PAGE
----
I was sitting there watching MacGruber and the thing which struck me was that I couldn't remember the last time I'd been in a movie and heard people laughing so loud. I mean, really, laughing so loud that I couldn't hear what was happening on the screen. Actually, now that I think about it, I can remember the last time that happened; I was in Greece and everyone around me was reading the subtitles so they didn't particularly care what the soundtrack was doing and they'd talk over it, laugh over it and generally drown it out. I remember having to read the one really funny joke in Young Guns off the screen in my own elementary-school-for-the-impaired Greek because the subtitles were slightly out of sync with the dialogue and everyone in the cinema read the line before Emilio Estevez delivered it. Yes, those were the days. I can't imagine that anything's changed, mind you.
Anyhow, there were people laughing louder than the soundtrack to a Fox TV celebration of Bill Clinton's simplest mistakes, and it hit me that the reason that I was conscious of the sheer loudness of it all was that I wasn't joining in.
So first piece of news about MacGruber; not actually all that funny. Of course, coming off the back of the one two downer punch of Brooklyn's Finest and Black Death, I was still appreciating the fact that at least it wasn't making me want to cut myself, but really, I'd somehow wanted a little more than that.
MacGruber's got one stand out funny line (from the ever dependable Val Kilmer, who looks these days like a fat version of the current fat model of John Travolta, an idea even more disturbing in the execution than in the description) and one incredibly reckless setpiece gag that made me join in the laughter; since it's the best thing in the movie, it's a shame that it happens so early and it would be even more of a shame to give the game away, but you'll never look at a team-building montage the same way again. Sadly, the rest of the movie doesn't have that much daring, and most of the rest of it is a succession of crude dumb gags that - I think - are supposed to be funny because they're crude. As if, somehow, being crude on purpose is somehow edgy and cool enough to be funny in its own right? I have seen it pulled off; Team America World Police just about gets away with it. MacGruber doesn't really.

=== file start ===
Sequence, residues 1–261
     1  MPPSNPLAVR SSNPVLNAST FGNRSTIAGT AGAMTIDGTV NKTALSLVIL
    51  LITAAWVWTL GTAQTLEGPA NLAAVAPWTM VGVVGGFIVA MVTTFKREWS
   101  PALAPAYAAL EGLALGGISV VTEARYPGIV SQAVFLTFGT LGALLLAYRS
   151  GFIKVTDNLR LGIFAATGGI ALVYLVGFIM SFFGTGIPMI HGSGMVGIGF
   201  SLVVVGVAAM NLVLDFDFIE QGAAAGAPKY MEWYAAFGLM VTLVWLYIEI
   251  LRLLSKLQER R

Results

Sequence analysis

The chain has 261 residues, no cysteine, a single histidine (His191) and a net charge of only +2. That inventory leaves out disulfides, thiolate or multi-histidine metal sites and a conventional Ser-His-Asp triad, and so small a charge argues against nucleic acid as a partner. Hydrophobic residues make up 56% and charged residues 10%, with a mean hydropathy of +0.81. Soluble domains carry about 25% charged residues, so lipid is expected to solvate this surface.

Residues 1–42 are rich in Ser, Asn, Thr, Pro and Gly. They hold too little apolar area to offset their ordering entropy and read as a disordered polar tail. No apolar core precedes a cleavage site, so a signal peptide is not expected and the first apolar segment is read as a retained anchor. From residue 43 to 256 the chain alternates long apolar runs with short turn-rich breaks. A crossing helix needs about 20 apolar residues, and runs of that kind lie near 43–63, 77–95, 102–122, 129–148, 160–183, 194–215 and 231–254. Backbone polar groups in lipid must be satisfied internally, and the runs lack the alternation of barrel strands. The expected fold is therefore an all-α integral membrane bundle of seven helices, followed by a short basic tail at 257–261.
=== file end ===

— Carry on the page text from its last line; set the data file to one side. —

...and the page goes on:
Mind you, that might just be me. I really liked MacGyver, like all right thinking nerds should, and one of the things I liked about him was that he was essentially good natured and competent. I could live with the idea of a parody who was incompetent, but MacGruber's also a dick, and it all seemed somehow too meanspirited.
As it happened, I'd spent my breakfast watching an episode of a dumb new Matt Nix TV show called the Good Guys. The Good Guys has opened up to rather "meh" reviews, which concentrate on its slight confusion over whether it's a cop show or a parody of a cop show, and which also touch on the rather obvious budget limitations it's having to overcome. In fact, any of the three episodes of the Good Guys I've watched so far had more gags and more convincing action sequences in its 40 odd minutes than the whole of MacGruber. The sad truth is that there wasn't a whole movie in the concept.